CC BY-NC-ND 4.0 · Yearb Med Inform 2022; 31(01): 173-180
DOI: 10.1055/s-0042-1742549
Section 5: Consumer Health Informatics and Education

Consuming Health Information and Vulnerable Populations: Factors of Engagement and Ongoing Usage

Pascal Staccini
1   URE RETINES, Faculté de Médecine, Université Côte d'Azur, France
Annie Y.S. Lau
2   Center for Health Informatics, Australian Institute of Health Innovation, Macquarie University, Australia
› Author Affiliations


Objectives: To summarise the state of the art during the year 2021 in consumer health informatics and education, with a special emphasis on “Inclusive Digital Health: Addressing Equity, Literacy, and Bias for Resilient Health Systems”.

Methods: We conducted a systematic search of articles published in PubMed using a predefined set of queries. In order to build queries, we have used a common understanding of digital inclusion. Leaving no one behind in the digital age requires not only reaching the most vulnerable populations, but also those people and population groups that are not digitally literate. It implies appropriate access, digital skills, and usability and navigability aspects in the development of technological solutions. Thus, we identified 126 potential articles for review. These articles were screened according to topic relevance and 13 were selected for consideration of best paper candidates, which were then presented to a panel of international experts for full paper review and scoring. The top five papers were discussed in a consensus meeting. Four papers received the highest score from the expert panel, and these papers were selected to be representative papers on consumer informatics for exploring inclusive digital health in the year 2021.

Results: Bibliometrics analysis conducted on words found in abstracts of the candidate papers revealed five clusters of articles, where the clustering outcomes explained 93.58% of the dispersion. The first cluster analysed the use of mobile apps to improve quality of communications between racial subgroups (e.g., Black patients and their family members) and healthcare professionals, and reduce racial disparities in core palliative care outcomes. The second cluster revealed studies reporting health literacy and experience of patients with specific diseases or impairments (e.g., type 2 diabetes, asthma and deaf people). The third focused assessing the effectiveness of interactive social media interventions on changing health behaviors, health outcomes and health equity in the adult population. The fourth targeted people with limited health literacy, as well as potentially disadvantaged or marginalized groups (people with cerebrovascular or cancer problems, students with mental problems, African American Young adults), and explored how social media may help reduce health disparities and improve health outcomes. The last explored health literacy levels among groups who experience difficulties with health service engagement and retention (patients with cancer or lay consumers of online disease information).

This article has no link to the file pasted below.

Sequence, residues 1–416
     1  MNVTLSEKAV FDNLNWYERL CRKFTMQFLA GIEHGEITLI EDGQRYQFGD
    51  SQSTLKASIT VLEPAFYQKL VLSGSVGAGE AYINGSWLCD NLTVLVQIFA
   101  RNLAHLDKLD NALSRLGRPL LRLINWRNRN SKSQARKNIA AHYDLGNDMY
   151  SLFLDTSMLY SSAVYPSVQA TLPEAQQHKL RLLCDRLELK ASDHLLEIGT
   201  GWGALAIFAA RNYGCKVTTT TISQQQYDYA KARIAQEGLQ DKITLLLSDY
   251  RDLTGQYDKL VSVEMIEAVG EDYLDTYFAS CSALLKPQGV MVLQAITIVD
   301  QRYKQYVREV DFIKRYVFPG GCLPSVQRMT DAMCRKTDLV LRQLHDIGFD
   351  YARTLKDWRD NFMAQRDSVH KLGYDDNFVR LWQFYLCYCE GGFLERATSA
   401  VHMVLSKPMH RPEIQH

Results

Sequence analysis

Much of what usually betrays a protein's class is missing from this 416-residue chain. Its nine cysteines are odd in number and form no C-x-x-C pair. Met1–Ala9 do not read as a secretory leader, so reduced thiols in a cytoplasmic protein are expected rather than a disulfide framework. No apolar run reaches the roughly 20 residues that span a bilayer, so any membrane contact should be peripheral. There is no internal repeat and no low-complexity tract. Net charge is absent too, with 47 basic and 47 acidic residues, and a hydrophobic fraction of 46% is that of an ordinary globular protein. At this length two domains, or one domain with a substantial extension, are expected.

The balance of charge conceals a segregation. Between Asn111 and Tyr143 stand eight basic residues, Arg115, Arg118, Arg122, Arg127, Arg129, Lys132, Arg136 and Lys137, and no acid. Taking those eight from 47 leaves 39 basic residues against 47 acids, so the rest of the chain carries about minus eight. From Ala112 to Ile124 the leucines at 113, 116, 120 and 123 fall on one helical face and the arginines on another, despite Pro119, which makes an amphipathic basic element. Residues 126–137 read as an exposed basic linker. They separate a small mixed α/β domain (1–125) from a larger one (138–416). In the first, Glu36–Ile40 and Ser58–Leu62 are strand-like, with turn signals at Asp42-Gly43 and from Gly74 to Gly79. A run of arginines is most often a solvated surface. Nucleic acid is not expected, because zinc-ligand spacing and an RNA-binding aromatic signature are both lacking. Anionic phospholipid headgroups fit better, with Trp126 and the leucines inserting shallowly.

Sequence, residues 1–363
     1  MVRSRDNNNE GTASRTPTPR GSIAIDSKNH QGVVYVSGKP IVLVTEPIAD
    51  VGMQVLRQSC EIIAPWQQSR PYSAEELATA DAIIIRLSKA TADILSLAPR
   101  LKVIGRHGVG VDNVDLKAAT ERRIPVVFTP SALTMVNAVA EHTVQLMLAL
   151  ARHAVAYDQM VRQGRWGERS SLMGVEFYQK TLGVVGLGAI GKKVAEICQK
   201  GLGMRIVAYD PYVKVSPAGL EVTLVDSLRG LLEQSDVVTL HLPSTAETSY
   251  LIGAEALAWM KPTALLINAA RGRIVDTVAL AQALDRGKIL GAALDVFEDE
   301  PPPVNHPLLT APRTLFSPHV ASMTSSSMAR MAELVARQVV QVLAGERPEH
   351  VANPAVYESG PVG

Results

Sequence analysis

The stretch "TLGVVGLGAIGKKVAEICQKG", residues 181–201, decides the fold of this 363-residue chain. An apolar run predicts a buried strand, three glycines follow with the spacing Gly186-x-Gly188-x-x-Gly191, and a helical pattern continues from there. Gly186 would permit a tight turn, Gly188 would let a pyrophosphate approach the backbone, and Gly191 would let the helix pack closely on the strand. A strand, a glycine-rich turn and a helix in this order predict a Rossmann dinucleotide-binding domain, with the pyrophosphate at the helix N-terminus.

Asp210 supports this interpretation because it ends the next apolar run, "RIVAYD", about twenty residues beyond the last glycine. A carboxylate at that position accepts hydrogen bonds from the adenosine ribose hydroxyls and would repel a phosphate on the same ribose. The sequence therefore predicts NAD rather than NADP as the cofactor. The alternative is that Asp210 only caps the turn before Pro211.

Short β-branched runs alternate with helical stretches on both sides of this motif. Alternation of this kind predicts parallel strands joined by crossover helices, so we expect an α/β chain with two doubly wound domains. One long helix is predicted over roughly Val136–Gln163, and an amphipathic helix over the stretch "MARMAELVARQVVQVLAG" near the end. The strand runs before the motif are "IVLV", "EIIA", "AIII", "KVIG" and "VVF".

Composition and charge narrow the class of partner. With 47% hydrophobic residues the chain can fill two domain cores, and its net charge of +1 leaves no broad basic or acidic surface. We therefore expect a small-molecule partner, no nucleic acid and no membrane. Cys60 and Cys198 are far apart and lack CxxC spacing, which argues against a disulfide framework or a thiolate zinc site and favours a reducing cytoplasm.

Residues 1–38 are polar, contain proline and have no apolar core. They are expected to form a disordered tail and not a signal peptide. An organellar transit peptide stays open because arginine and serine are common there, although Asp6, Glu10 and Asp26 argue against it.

Conclusions: Although the query was built to address consumer inclusiveness and digital health, without specifying any health status or disease, COVID-19 was the topic in a lot of retrieved papers. Beyond the classic health issues targeted by social media (e.g., influencing health behaviors, from smoking and diet adherence to preventative screening and exercise habits), the pandemic has exposed many situations of vulnerability and health inequality. There is universal agreement on the necessity of a healthcare policy that addresses issues of gender, age, sexual orientation, and different cultures to ensure health equity for all, regardless of age or resources available. The place of digital health is studied both as a solution and a possible factor of accentuating healthcare disparities, inequalities, and exclusions. Healthcare providers should implement a digital health literacy plan to make sure health information technology is an option for everyone. Public health policies and health promotion strategies must focus on strengthening and adapting the digital health literacy in known vulnerable subgroups (ethnic and racial minorities, sexual and gender minorities, children and adolescents, elderly people, students population, impaired people, patients with cancer and chronic diseases) increasing citizen technology engagement and guaranteeing equity in access to information and in the skills to manage, discriminate, and apply information to health.

Section Editors for the IMIA Yearbook Section on Consumer Health Informatics

Publication History

Article published online:
04 December 2022

© 2022. IMIA and Thieme. This is an open access article published by Thieme under the terms of the Creative Commons Attribution-NonDerivative-NonCommercial License, permitting copying and reproduction so long as the original work is given appropriate credit. Contents may not be used for commercial purposes, or adapted, remixed, transformed or built upon. (

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